Okay, I know. There are a lot of angry iPhone customers out there. For those of you that don't know me personally, I'm not made of money either. I bought the iPhone because it addresses a very specific problem for me. There is no way I could use any other cell phone on the market without great difficulty. I have cerebral palsy and therefore, I also have coordination problems. The touch screen means that I don't need to dial any numbers to get help immediately. I tap a name and that's it. I don't need to remember long phone numbers anymore because with the iPhone, they don't exist. I keep phone numbers with my addresses in my e-mail contacts. I can then sync my iPhone via iTunes with my address book on my PC. So all I have to do to make a call is tap a name. That's the power of the iPhone. It's a huge step forward for someone like me because it means that I don't have to deal with small buttons. I have a 4 GB iPhone. Recently when Apple announced the new iPod lineup, something strange happened. After Mr. Jobs introduced the new iPod nano, shuffle, and, the iPod classic, he introduced the iPod touch. What is the iPod touch? The iPod touch is the iPod component of the iPhone and nothing else. That's right, it's an iPod that looks like an iPhone and utilizes the exact same touch screen interface. Steve Jobs also announced that Apple was dropping the price of the 8 GB iPhone by $200, bringing it to $399.

This friends, is where all the trouble began. But let's look at the circumstances surrounding this announcement. The iPod touch will come in two models (8 GB & 16 GB). So why are they dropping the price of the iPhone? It's simple. Jobs and company can hear the sound of sleigh bells. That's right, Christmas is coming. The iPod touch is priced at $299 for the 8 GB model. If Apple can say, "wait, for just an extra hundred dollars, you can have the easiest cell phone you've ever used" , that's a very attractive proposition. Since Apple has discontinued the 4 GB iPhone, it is also logical to assume that very shortly the company will be introducing a 16 GB phone that will most likely sell for between $499 and $599. Do I think it was a big price drop? Yes, of course I do. I can however, see what Apple is doing. And I think that as computer users, we are use to new product cycles every six months and frankly, that's not how the cell phone industry works at all. Their cell phone models do usually come out about every two months. Would I like to have a larger capacity iPhone? Naturally I would. Given time, I will but this does not detract from the fact that my current iPhone is fulfilling the purpose for which I bought it. Yes, I love the iPod in the iPhone and I would love to be able to import more songs and movies on to it but ultimately, I need the phone as a phone. The last time I checked, my home phone does not have a 4 GB iPod attached to it. Does yours? If it does, I want to hear about that :-)! Perhaps one of the reasons that Apple's announcement caught people off guard is that we seem to have a rather odd perception of this company. We think that because they're smaller than Microsoft, they must be "on our side". Let's be clear. Choice drives innovation. It is therefore; good that Apple does things differently than Microsoft. In the end though, they are a company and like all companies, they need to make a profit to stay in business. Apple is doing the right thing by offering a $100 Apple store gift certificate to early adopters.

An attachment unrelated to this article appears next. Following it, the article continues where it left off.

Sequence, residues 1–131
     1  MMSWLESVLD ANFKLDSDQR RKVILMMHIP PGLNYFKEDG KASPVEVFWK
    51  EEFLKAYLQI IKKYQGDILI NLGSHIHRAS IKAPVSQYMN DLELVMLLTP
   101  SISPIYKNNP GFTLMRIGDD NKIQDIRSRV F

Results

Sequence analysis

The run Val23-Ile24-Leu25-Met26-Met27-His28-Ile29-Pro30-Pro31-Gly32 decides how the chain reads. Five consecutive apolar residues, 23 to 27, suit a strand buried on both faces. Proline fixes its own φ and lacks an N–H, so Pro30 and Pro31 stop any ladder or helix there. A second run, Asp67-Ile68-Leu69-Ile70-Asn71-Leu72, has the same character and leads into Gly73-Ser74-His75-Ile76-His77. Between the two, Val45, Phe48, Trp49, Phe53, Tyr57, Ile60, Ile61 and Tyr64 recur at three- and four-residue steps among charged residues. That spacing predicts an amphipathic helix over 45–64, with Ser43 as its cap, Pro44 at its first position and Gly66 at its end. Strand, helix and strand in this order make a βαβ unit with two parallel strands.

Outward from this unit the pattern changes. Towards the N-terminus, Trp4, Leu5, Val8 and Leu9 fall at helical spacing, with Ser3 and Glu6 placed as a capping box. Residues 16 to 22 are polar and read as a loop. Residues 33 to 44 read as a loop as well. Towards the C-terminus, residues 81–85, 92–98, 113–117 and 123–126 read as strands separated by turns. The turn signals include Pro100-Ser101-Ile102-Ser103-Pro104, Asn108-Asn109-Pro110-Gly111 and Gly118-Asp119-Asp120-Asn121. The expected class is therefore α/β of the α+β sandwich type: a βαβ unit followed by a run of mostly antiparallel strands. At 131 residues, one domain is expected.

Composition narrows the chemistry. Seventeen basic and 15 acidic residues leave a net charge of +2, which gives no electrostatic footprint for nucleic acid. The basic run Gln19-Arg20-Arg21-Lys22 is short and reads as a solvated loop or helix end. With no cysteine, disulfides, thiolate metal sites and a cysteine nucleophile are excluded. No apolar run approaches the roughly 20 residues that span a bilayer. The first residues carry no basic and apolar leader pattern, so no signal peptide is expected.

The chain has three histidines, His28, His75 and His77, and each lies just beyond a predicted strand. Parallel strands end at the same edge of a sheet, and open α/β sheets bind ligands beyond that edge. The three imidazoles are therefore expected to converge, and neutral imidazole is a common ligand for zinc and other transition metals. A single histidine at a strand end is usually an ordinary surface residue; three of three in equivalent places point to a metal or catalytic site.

06 September, 2007

Mac me up, Scotty. There's no intelligent lapttops down here.

Well folks, the time has come for me to begin thinking about returning to the halls of academiia in pursuit of my eventual masters in adaptive technology. For those of you asking, "exactly what is that", adaptive technology involves both the development of new applications and, the implementation and adaptation of existing computers and software technology to assist those with disabilities. Perfect job for me, right? I agree but in order to facilitate my academic aspirations, I'm going to need a notebook computer. Naturally because of my disability, any portable computer I use must meet specific requirements in order to run the specialized speech software needed. I also wanted a rugged notebook: something that would stand up to any little mishaps my coordination problems might visit upon it. It's wonderful having CP, boys and girls :-)! For those of you that don't know what it's like, I basically rent space in my body. Just because I occupy my body does not mean I have constant control ovver it or its muscles. The brain injury, due to lack of oxygen at birth, sometimes causes my body to move in ways I don't intend. That brings me back to the choice of notebook. I've looked at "toughbooks", which are notebooks that can be used in areas which would be dangerous to normal laptops, such as construction sites. These notebooks are extremely well-made and are designed to withstand almost anything: water, dropping, being run over, etc.. The price is astronomical, however, making it an unfeasible option for my purposes. So what did I decide to do? Well, I'm buying a Mac! Can I get a " hallelujah " from the Mac crowd? This should prove once and for all to everyone that Apple is a company I watch, love, and, respect. Does this mean I'm abandoning Windows? Not at all. I have a Windows Vista media Center PC at home with an Xbox 360 that takes the recorded TV shows from my media Center and streams them via my home network to my living room. I therefore cannot give up Windows, nor would I want to. For college however, my needs are somewhat different. I need a durable laptop that can run Windows applications. I need a laptop with the appropriate amount of RAM preinstalled. Upgrading hardwarre on a portable PC is nearly impossible, owing to the size of the components in question.